Friday, September 28, 2012

Rutherford’s Rampage

Allen Pei and Syed Sadat Nazrul 

What do you get when you mix ping pong balls and a classic experiment from 1909 that probed the structure of the atom? You guessed it: Rutherford’s Rampage. Students from the NanoEngineering & Technology Society at UC San Diego gave passers by the opportunity to play Rutherford’s Rampage on Tuesday afternoon at Engineers on the Green, a student organization fair at the UC San Diego Jacobs School of Engineering.

“Rutherford” refers to the early 20th Century Rutherford Experiment which provided the first experimental evidence for the atomic nucleus. I remember learning about this “gold foil” experiment in physics class and got a kick out of the exhibit-booth homage to the experiment. Plus, the game is fun to play. 

If you successfully toss a ping pong ball into one of the holes, you are referencing the times when positively charged alpha particles passed by the atomic nuclei in the very thin sheet of gold foil they were shot at. When your ping pong ball hits gold foil and bounces back, that represents the times that positive particles encountered an atom and bounced back. If I played long enough, I probably even might have even grazed the edge of one of the holes – recreating instances in which the positive particles passed through the foil, but had their trajectory changed by atomic nuclei. 

Rutherford’s Experiment is also known at the Geiger-Marsden experiment or Gold foil experiment.

Sure, the game takes some creative license…I don’t think there were points assigned to various sections of gold foil that gave positive particles safe passage. But even the premise is right on: the game looks easier than it actually is. I was less successful in getting ping pong balls to pass through the foil unperturbed…and this parallels the scientific findings. If the “Plum Pudding” model had been accurate, then more of the positive particles should have sailed through the foil than actually did.

When I stopped by the booth, NanoEngineering major Allen Pei and Syed Sadat Nazrul (double major in NanoEngineering and Economics) were running Rutherford’s Rampage.

Hat tip to TESC (the Triton Engineering Student Council) for organizing Engineers on the Green.

Thursday, September 27, 2012

Renowed Science Fiction Author Predicts New Building Will Heal the Divide Between the Hard Sciences and the Arts and Humanities

The University of California, San Diego, recently dedicated a one-of-a-kind building, which is home to structural engineers, nanoengineers, medical device researchers and visual artists. Best-selling science fiction author and UC San Diego alumnus David Brin was the keynote speaker at the event and imagined some of the future discoveries engineers and artists will make by working hand-in-hand. 
Brin is particularly well suited for this exercise. He has won both the prestigious Nebula and Hugo awards for science fiction writing and also earned a Ph.D. in physics from UC San Diego in 1981.
The building will help heal the divide described by philosopher C. P. Snow 50 years ago between the academic culture of the hard sciences and the arts and humanities, Brin said. “This building will thrive because its cells are leaky, its structures malleable and adaptable to changing needs—deliberately almost biological,” he said.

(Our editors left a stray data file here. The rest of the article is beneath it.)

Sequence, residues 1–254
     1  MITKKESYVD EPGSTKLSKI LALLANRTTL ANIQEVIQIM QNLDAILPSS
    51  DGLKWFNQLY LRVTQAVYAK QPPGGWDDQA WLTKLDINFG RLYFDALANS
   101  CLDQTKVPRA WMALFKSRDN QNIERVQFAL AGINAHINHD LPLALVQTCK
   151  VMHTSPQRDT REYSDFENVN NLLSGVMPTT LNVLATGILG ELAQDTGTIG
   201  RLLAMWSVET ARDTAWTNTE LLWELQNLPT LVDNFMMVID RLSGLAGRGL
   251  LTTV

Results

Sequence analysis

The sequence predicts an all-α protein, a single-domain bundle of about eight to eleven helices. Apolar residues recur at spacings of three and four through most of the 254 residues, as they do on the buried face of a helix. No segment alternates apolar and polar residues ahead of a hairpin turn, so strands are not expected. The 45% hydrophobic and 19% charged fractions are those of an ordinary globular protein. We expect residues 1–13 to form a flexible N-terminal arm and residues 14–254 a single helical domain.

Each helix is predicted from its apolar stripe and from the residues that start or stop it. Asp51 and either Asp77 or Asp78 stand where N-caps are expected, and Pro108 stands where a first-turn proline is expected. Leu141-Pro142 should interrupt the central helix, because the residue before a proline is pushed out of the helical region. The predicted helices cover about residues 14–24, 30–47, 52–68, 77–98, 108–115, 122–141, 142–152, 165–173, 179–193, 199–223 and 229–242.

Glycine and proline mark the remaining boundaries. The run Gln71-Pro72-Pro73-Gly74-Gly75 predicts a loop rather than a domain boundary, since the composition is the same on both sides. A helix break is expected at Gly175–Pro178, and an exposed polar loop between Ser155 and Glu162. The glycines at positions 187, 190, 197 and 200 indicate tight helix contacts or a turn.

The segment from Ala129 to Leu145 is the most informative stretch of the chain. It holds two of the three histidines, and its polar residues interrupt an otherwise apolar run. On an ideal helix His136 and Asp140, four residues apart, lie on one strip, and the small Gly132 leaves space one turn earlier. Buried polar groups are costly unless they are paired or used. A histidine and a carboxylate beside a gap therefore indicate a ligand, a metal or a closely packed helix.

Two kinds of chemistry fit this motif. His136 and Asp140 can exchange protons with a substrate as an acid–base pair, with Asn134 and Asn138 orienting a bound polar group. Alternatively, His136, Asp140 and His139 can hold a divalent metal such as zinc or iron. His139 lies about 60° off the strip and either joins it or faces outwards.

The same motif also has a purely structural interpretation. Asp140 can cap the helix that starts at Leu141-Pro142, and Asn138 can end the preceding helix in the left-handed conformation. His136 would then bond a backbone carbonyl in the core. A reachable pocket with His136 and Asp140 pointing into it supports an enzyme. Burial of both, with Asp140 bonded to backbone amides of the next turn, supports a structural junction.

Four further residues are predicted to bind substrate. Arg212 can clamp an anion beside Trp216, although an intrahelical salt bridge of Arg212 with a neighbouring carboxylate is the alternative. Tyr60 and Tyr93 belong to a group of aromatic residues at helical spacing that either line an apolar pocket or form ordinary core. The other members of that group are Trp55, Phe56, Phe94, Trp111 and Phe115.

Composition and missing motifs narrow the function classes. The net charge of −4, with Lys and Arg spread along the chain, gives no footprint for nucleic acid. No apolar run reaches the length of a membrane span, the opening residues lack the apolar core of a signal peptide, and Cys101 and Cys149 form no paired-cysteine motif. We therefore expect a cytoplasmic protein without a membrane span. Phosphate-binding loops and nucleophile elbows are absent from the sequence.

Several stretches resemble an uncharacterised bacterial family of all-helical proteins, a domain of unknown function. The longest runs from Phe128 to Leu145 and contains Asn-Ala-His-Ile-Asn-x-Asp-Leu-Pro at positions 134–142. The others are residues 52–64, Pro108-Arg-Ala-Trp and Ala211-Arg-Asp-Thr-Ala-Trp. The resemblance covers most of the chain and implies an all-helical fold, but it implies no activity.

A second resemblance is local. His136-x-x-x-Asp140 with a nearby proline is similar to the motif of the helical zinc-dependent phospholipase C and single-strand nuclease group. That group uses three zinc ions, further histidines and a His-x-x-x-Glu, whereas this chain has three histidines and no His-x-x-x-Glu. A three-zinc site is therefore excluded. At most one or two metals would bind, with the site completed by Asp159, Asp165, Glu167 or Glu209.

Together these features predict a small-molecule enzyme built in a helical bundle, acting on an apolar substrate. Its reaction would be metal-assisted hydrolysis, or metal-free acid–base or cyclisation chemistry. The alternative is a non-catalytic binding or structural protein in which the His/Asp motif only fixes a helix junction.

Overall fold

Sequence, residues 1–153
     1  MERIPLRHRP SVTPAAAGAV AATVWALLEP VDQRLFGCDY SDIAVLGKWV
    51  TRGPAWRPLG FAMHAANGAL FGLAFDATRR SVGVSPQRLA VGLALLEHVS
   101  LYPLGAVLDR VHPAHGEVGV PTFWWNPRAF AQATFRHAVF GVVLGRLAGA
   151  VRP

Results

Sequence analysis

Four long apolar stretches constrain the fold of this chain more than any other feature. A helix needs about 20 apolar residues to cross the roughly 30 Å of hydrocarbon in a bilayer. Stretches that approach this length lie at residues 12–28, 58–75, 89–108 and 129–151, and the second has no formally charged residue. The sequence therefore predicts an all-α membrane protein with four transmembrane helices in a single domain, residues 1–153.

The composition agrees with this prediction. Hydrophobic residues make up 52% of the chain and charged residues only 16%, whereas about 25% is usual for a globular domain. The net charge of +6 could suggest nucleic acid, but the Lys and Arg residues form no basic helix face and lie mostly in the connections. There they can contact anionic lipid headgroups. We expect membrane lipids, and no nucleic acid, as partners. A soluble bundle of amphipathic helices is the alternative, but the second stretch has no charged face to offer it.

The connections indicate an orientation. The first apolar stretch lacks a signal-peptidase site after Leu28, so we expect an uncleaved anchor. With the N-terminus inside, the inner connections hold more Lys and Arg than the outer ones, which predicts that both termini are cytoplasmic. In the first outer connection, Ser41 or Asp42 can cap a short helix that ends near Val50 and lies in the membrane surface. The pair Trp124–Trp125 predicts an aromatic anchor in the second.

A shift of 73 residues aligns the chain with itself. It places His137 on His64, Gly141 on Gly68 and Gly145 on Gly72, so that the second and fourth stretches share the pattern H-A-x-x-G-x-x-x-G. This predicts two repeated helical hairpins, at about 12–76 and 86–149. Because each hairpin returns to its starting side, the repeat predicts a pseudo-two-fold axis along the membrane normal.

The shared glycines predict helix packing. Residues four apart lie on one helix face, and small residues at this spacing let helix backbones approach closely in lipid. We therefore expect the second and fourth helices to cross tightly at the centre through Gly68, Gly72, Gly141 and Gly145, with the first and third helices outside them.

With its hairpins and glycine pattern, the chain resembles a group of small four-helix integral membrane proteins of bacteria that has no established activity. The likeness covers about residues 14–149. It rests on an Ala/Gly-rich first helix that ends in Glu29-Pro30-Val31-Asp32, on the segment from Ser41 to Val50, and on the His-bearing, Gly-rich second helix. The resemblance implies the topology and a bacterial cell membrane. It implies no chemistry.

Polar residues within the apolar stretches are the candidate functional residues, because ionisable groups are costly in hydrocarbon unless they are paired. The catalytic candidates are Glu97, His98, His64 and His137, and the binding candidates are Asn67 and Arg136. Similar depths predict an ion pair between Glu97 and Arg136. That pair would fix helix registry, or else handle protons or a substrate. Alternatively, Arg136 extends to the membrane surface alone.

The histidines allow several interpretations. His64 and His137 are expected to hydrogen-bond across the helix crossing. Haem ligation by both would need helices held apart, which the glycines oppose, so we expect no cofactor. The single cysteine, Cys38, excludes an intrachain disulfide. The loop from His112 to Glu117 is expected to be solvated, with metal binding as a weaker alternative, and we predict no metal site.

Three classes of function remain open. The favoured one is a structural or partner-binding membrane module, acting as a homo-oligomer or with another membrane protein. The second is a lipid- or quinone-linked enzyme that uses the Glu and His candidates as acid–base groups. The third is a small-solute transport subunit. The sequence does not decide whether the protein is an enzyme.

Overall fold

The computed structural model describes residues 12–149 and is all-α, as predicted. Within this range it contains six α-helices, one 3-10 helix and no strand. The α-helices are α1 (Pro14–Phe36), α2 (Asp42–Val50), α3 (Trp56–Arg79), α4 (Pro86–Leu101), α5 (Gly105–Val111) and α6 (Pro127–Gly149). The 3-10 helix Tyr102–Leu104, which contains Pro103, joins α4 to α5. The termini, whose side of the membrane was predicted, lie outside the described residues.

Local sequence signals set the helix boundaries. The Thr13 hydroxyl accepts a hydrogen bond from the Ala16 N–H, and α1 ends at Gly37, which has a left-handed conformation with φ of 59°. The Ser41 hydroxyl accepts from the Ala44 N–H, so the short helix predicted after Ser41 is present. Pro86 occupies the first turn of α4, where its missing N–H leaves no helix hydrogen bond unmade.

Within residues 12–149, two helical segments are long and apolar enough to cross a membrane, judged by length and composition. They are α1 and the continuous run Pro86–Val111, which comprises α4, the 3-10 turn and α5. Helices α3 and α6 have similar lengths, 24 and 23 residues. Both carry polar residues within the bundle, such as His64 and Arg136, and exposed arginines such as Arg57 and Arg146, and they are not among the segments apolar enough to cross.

He also described some of the amazing discoveries that he believes will come out of research within the new building. Researchers will create a world where truly smart materials will allow your shoes, your shirt, your dinner plate to actively respond to your will, Brin predicted.“Problem solvers within these walls will send robots into the bloodstream and mysterious nonlinear realms within the cell,” Brin said. “New work in fluidics, materials and battery storage will help us tackle vexing energy problems.”

Watch Brin's speech:

Tuesday, September 25, 2012

Engineers on the Green Photos on Facebook

Photos from Engineers on the Green, here at the Jacobs School of Engineering are up on the Jacobs School Facebook page.

Nice work TESC, IDEA Student Center, and all the Jacobs School student orgs who participated.

Tuesday, September 18, 2012

Shaya Fainman among Applied Optics' most published

Yeshaiahu (Shaya) Fainman, professor and chair of the UC San Diego Department of Electrical and Computer Engineering, is among the 50 most published authors in Applied Optics, according to the journal's 50th Anniversary site.

Building dedication draws a crowd

The Jacobs School’s new Structural and Materials EngineeringBuilding was packed to the rafters Sept. 14 for the official dedication ceremony.  Science fiction author and UC San Diego alumnus David Brin ('81) read an essay written for the occasion titled, "The New Modernism: Blending Science, Engineering, Art and the Human Imagination." 

This building will thrive because its ‘cells’ are leaky,” Brin said. “Its structure is malleable and adaptable to changing needs, deliberately almost biological. Not a rigid expression of one architect’s ego, but a willing servant to many more generations of pioneers, who will work within these walls. And who will want to move some of the walls, to make this structure truly theirs.